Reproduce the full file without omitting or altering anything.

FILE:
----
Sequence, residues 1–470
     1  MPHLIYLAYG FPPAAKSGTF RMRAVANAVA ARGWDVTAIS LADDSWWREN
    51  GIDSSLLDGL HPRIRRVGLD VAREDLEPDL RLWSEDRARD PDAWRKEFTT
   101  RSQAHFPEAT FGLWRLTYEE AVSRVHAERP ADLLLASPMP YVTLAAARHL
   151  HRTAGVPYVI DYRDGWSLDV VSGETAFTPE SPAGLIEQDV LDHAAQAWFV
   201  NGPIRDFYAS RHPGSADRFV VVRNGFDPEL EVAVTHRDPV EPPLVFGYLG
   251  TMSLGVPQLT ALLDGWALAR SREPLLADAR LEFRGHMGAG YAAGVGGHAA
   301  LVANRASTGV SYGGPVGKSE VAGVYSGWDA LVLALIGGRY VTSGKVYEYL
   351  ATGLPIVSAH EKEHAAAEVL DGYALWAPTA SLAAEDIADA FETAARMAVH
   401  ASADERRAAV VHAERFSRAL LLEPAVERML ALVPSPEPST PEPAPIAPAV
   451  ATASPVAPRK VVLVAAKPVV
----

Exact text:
Sequence, residues 1–470
     1  MPHLIYLAYG FPPAAKSGTF RMRAVANAVA ARGWDVTAIS LADDSWWREN
    51  GIDSSLLDGL HPRIRRVGLD VAREDLEPDL RLWSEDRARD PDAWRKEFTT
   101  RSQAHFPEAT FGLWRLTYEE AVSRVHAERP ADLLLASPMP YVTLAAARHL
   151  HRTAGVPYVI DYRDGWSLDV VSGETAFTPE SPAGLIEQDV LDHAAQAWFV
   201  NGPIRDFYAS RHPGSADRFV VVRNGFDPEL EVAVTHRDPV EPPLVFGYLG
   251  TMSLGVPQLT ALLDGWALAR SREPLLADAR LEFRGHMGAG YAAGVGGHAA
   301  LVANRASTGV SYGGPVGKSE VAGVYSGWDA LVLALIGGRY VTSGKVYEYL
   351  ATGLPIVSAH EKEHAAAEVL DGYALWAPTA SLAAEDIADA FETAARMAVH
   401  ASADERRAAV VHAERFSRAL LLEPAVERML ALVPSPEPST PEPAPIAPAV
   451  ATASPVAPRK VVLVAAKPVV